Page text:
By Elias Hazou
THE HOUSE plenum managed to legislate on key items yesterday despite a number of hiccups, including a bomb scare in the afternoon that turned out to be a hoax.
Police evacuated the premises after a call was made around 4pm to Politis newspaper warning that a bomb or explosive device had been planted inside the parliament building. A similar call had been placed to the office of the House Speaker at around the same time.
The police bomb squad, assisted by sniffer dogs, combed the building but found nothing. Authorities gave the all-clear about an hour later.
Police attributed the threat to a hoax aimed at disrupting the plenary session.
Parliament was due to enact laws linked to the country’s obligations stemming from the international bailout.
The bills had to be passed urgently before the upcoming visit of a ‘troika’ team to review the country’s compliance so far with the loan agreement; yesterday’s was the last scheduled meeting of the plenum before its summer recess.
All but one of the bailout bills were passed unanimously.
The batch of the so-called ‘memorandum bills’ included giving the Central Bank of Cyprus (CBC) power to issue binding instructions when the capital adequacy of a co-operative bank is negatively affected – a temporary fix until such time as co-ops officially come under the CBC’s supervision.
Another was extending the deadline for payment of the immovable property tax to November 15 from September 30 to give people time to be informed of their new tax obligations.
Also passed was a bill cutting the fine for late payment of VAT from 10 per cent to five per cent in a bid to prop small and medium businesses
A new law does away with restrictions in the seconding of civil servants, as part of efforts to make the public sector more flexible. Under the terms of the bailout deal, by 2016 Cyprus must slash the number of civil servants by 4500.
Parliament also gave the nod to two bills aiming to enhance Cyprus’ compliance with information-sharing within the EU with regard to money laundering.
During a meeting in the morning, party leaders had decided to delay by a week voting on bailout-related legislation, only to change their minds again and proceed as initially planned.
In other business, the House decided to restrict the up-until-now absolute decision-making authority vested in the Central Bank governor, by increasing the size of the CBC board to include two executive board members with veto power.
All parties bar AKEL were in favour. Though co-authored by the DISY-DIKO government partners, the bill was understood not to enjoy the support of the administration, after Cyprus was warned by the European Central Bank against tampering with the powers of the local central banker.
Reports suggested that DISY leader Averof Neofytou had lulled opponents of the bill into a false sense of complacency by agreeing, earlier in the day, to have the vote postponed.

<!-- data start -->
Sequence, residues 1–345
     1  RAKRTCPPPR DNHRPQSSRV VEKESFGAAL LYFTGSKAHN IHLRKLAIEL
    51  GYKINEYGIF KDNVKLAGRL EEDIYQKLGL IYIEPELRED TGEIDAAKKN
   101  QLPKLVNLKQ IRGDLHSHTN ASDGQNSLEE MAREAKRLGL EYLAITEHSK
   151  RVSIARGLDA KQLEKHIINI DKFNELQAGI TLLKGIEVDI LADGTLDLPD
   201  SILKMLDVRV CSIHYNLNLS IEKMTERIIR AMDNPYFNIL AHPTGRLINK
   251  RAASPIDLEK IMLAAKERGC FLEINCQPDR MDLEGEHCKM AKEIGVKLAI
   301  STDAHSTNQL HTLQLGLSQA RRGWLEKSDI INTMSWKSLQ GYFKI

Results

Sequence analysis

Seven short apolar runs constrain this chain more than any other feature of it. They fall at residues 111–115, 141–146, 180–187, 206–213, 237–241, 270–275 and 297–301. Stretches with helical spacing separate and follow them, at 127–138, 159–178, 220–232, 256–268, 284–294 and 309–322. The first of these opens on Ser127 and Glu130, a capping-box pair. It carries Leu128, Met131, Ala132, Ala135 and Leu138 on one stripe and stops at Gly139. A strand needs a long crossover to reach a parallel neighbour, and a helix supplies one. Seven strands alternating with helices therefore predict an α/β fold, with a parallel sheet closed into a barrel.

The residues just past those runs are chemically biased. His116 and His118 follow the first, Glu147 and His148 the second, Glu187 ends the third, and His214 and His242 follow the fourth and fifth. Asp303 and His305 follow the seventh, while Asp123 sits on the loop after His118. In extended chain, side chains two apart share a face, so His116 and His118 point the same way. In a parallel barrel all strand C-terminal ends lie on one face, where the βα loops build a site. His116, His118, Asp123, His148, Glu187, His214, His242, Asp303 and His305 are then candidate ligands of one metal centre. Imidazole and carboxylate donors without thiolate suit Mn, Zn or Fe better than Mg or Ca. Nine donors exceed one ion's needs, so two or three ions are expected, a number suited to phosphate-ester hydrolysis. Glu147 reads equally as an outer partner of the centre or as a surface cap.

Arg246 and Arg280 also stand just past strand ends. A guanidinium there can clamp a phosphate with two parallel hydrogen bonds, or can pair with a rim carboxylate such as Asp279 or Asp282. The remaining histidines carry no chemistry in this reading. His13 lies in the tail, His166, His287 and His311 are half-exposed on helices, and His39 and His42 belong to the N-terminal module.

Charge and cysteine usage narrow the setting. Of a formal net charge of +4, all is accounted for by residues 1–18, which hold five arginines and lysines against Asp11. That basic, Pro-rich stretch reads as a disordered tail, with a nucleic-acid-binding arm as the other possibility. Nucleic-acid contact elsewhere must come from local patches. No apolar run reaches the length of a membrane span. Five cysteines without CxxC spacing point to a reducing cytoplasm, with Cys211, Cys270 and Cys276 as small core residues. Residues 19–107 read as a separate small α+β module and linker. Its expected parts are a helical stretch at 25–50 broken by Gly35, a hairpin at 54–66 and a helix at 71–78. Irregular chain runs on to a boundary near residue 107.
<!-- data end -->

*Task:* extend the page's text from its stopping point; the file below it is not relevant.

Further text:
Neophytou later changed tack on realising he had the numbers to push the bill through. It helped that the Central Bank governor Panicos Demetriades was abroad.
The plenum meanwhile approved the slashing of benefits for asylum seekers for persons with refugee status or subsidiary protection status.
Beneficiaries will receive just €40 monthly (plus €10 per dependent) and the rest of the aid in food stamps and coupons. For non-EU nationals not staying in reception centers, the state will pay the rent for other accommodation.
The government decided a change in policy was overdue after it had emerged that, in certain cases, cheques of up to €3,000 were being made out to asylum seekers here.
And by unanimous vote, the House passed an amendment to the Constitution, lifting a restriction imposed in 2006 that banned the extradition of Cypriot nationals for offences committed before the island’s accession to the EU in May 2004. That time constraint essentially violated EU rules.
It has now been lifted so that extradition of Cypriot nationals for offences predating EU accession now covers extradition to all EU countries as well as to non-EU nations that have an inter-state extradition agreement in place with Cyprus.
The matter resurfaced in the past few days after Greek authorities issued a European arrest warrant against former interior minister Dinos Michaelides and his son Michalis.
They are wanted in connection with a money laundering case involving former Greek defence minister Akis Tsohatzopoulos. The alleged offences took place between 1997 and 2001.
Their cases will be heard on July 24.
It is now up to the court to take into account the change of the constitution in deciding whether they should be tried in Cyprus or handed over to Greek authorities as requested.
MPs had also wanted to scrap a provision in the Constitution banning cuts on judges’ pay, but decided to revisit the matter in September.